Author, Speaker, Addiction & Relinquishment Consultant, Relinquishee, Adoptee, MPE

A while ago, when I was an active member of a 12-step program, I was constantly bombarded with the information that I was not “terminally unique.” I believed that term was used to point out to people suffering from addiction that there’s nothing special about them, and they don’t need special treatment. This leveling worked for many, I’m sure, as the belief in personal uniqueness also came head-to-head with the idea that nothing could be done to arrest a person’s addiction. Once you felt that you were just like everybody else, you could get better – just as everybody else did!

As I say, this might’ve worked for many – and it worked for me as well, but only for a time. Eventually, I had to rebuild my identity outside of the 12-step rooms and outside of my identification as an “alcoholic.” With recovery and sobriety, I learned I was so much more than just that. It was the things that made me unique that both caused me to fall prey to addiction, but also to recover from it. Today, I identify as many, many things, for example, as someone who is Recovered, an Introvert, a Myers Briggs ISTJ (reserved yet willful with a rational outlook on life), someone who’s Highly Sensitive, an Immersionist, a Chronic Malcontent, someone who is Relational, which means that I see myself through how I relate to others, to myself, and how I relate to Reality.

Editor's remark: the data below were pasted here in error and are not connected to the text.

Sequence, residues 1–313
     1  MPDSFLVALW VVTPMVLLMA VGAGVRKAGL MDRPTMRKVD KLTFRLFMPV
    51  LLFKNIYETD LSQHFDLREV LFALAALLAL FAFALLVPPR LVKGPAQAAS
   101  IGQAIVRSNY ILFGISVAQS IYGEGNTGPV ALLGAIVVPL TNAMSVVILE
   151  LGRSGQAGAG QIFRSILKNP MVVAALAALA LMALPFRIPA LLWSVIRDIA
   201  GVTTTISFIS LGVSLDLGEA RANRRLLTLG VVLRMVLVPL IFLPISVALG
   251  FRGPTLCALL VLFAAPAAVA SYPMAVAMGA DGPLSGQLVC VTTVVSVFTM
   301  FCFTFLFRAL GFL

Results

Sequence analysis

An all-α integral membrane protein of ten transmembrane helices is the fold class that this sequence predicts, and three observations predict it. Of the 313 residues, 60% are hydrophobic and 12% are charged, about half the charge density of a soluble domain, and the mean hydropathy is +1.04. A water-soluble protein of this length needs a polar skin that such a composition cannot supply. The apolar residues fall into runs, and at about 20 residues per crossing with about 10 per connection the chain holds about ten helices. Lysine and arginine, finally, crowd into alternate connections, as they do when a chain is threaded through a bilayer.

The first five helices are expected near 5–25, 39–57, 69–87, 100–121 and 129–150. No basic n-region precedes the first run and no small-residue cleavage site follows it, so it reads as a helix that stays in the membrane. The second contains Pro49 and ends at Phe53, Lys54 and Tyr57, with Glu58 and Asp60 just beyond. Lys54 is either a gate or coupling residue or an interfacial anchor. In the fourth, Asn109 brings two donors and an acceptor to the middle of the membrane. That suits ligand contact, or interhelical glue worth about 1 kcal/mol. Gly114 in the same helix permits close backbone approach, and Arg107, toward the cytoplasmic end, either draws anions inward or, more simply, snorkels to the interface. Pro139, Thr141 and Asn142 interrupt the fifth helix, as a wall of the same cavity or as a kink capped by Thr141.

I also identify as a Relinquishee – someone who was relinquished at birth.

It is the combination of all of my identities that makes me me. The 12-step idea that I was not unique, although useful in not thinking of myself as someone deserving special treatment, was also not helpful in recovering my identity. As a person who was given up for adoption and a person who lived with addiction, my identity was already so fragmented that dismantling it even further would’ve done me no favors. I owe a lot of my stabilization and recovery to the 12 steps. Still, I also owe a lot of my recovery to life experience, some great teachers that I had, the time it took to piece myself back together, and the wisdom and life’s philosophy that grew from all of that.

Growing up, I’d always felt that I was different from my peers. I struggled with identity, as I didn’t have any biological markers to draw on, and I was always feeling ashamed. I know today that I suffered from what is known as “Identity Crisis” – a period of uncertainty and confusion in which a person’s sense of identity becomes insecure, typically due to a change in their expected aims or role in society,” as coined by the German developmental psychologist Erik Erikson. It’s no stretch to apply Erikson’s developmental work and say that adoptive children have more difficult and less culturally supported developmental tasks to achieve than those in a functioning biologically-related family.